Taking all these facts into consideration, it seems but just that I should say a word for myself on this occasion.
The motive which impelled me to write this Work may be stated in a few words.
I was the only Protector of an Orphan Sister. I was fearful that I might be taken away by death, leaving her alone in the world. I knew too well that law of society which makes a virtue of the dishonor of a poor girl, while it justly holds the seduction of a rich man's child as an infamous crime. These thoughts impressed me deeply. I determined to write a book, founded upon the following idea:
That the seduction of a poor and innocent girl, is a deed altogether as criminal as deliberate murder. It is worse than the murder of the body, for it is the assassination of the soul. If the murderer deserves death by the gallows, then the assassin of chastity and maidenhood is worthy of death by the hands of any man, and in any place.
This was the first idea of the Work. It embodies a sophism, but it is a sophism that errs on the right side. But as I progressed in my task, other ideas were added to the original thought.
“Learn of the philosophers always to look for natural causes in all extraordinary events; and when such natural causes are wanting, recur to God.”
“But this repetition of the old story is just the fairest charm of domestic discourse. If we can often repeat to ourselves sweet thoughts without ennui, why shall not another be suffered to awaken them within us still oftener.”— Hesp.: Jean Paul F. Richter.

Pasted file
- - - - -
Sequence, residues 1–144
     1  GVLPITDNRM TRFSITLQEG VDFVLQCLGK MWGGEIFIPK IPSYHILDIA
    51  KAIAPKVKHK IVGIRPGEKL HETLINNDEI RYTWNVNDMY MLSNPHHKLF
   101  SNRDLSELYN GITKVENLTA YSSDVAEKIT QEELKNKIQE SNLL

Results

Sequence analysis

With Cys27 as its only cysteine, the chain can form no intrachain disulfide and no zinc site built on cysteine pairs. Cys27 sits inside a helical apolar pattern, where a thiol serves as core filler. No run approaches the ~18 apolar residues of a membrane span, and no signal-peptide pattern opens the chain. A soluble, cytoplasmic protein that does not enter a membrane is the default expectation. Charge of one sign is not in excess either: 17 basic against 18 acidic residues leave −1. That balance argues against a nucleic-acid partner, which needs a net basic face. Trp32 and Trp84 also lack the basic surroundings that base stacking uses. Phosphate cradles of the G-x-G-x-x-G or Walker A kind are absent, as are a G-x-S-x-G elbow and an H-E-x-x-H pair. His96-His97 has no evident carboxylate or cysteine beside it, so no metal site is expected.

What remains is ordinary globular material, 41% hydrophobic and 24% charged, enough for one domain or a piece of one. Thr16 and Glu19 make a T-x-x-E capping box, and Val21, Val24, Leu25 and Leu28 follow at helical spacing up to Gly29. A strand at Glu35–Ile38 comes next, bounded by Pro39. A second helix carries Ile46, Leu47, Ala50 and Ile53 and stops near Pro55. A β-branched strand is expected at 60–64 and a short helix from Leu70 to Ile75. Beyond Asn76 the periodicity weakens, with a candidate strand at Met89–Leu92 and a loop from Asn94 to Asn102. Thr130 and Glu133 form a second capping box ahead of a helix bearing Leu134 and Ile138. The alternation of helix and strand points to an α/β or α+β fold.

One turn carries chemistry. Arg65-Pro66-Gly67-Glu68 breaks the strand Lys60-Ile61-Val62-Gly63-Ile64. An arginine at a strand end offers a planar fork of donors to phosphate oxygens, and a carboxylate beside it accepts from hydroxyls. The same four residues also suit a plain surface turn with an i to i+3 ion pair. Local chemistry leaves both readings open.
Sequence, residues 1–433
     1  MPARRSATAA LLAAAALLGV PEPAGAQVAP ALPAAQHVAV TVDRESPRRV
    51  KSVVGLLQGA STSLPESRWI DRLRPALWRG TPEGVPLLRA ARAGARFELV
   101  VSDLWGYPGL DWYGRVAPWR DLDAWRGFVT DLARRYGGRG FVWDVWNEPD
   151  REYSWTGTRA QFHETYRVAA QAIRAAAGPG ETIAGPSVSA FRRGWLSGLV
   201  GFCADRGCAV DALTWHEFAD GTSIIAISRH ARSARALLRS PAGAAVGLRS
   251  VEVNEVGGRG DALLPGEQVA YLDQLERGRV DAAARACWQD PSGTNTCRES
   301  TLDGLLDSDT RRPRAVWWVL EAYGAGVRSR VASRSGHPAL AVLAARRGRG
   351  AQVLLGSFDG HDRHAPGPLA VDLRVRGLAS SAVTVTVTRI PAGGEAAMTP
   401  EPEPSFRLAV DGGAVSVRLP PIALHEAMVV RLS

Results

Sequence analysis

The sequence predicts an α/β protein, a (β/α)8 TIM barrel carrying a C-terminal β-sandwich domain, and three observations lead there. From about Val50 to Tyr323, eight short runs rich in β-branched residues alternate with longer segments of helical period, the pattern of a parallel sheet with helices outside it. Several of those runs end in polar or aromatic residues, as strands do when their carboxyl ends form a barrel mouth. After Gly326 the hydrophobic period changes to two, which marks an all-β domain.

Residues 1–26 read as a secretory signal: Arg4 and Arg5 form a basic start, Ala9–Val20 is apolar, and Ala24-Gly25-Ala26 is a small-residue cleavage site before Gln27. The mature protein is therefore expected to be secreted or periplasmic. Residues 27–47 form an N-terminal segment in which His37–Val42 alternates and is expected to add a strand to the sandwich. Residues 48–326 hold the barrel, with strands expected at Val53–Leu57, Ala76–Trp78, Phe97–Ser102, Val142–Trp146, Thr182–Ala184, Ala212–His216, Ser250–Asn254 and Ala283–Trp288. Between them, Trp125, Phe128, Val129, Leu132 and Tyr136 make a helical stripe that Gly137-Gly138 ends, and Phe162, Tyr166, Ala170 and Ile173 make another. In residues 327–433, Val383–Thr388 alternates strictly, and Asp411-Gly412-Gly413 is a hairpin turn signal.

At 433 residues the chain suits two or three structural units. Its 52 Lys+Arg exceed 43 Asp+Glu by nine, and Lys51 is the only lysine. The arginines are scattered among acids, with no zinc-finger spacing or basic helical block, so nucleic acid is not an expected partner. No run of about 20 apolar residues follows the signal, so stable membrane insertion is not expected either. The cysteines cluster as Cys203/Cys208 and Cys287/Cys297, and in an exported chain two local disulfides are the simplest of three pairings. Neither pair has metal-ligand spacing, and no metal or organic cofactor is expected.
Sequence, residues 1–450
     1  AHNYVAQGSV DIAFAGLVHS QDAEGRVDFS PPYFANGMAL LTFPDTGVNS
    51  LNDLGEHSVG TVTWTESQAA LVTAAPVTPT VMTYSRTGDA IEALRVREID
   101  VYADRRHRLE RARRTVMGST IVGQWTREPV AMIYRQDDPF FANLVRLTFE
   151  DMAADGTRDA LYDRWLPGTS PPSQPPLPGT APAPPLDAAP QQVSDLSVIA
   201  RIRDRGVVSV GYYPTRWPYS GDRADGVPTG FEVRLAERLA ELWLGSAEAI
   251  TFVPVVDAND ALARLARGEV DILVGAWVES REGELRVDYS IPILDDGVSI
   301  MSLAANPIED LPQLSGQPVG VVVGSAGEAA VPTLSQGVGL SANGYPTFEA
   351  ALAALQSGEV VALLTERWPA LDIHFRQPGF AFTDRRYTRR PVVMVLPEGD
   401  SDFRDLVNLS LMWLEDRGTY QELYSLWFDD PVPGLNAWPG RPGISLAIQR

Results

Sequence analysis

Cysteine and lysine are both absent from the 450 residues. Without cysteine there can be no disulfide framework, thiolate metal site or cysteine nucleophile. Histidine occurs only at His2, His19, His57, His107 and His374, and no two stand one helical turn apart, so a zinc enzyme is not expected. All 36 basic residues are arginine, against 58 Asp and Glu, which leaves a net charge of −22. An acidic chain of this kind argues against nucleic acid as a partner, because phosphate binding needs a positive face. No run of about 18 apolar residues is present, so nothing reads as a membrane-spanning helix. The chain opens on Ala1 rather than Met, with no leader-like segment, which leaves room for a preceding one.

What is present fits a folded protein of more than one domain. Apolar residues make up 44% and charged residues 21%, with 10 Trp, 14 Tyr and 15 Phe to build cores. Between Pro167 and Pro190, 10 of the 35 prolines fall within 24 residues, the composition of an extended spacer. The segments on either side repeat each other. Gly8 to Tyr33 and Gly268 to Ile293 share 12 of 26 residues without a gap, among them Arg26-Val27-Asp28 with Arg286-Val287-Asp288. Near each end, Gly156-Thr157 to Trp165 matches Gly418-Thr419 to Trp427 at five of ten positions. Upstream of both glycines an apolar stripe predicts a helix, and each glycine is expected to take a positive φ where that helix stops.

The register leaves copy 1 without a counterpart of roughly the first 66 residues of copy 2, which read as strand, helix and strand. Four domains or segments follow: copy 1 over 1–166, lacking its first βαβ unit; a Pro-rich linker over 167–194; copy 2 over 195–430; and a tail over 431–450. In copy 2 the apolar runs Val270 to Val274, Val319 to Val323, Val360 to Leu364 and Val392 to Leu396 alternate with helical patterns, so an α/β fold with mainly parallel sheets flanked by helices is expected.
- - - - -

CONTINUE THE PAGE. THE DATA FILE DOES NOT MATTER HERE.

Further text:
“See how from far upon the eastern road
The star- led wisards haste with odours sweet.
But peaceful was the night
Wherein the Prince of Light
His reign of peace upon the earth began;
The winds with wonder whist
Smoothly the waters kist,
Whispering new joys to the mild ocean—
Who now hath quite forgot to rave,
While birds of calm sit brooding on the charmed wave.”
“There is a fire
And motion of the soul which will not dwell
In its own narrow being, but aspire
Beyond the fitting medium of desire;
And, but once kindled, quenchless evermore,
Preys upon high adventure, nor can tire
Of aught but rest.”
It is necessary now to carry the reader forward twenty- one years, to the beginning of the administration of Valerius Gratus, the fourth imperial governor of Judea— a period which will be remembered as rent by political agitations in Jerusalem, if, indeed, it be not the precise time of the opening of the final quarrel between the Jew and the Roman.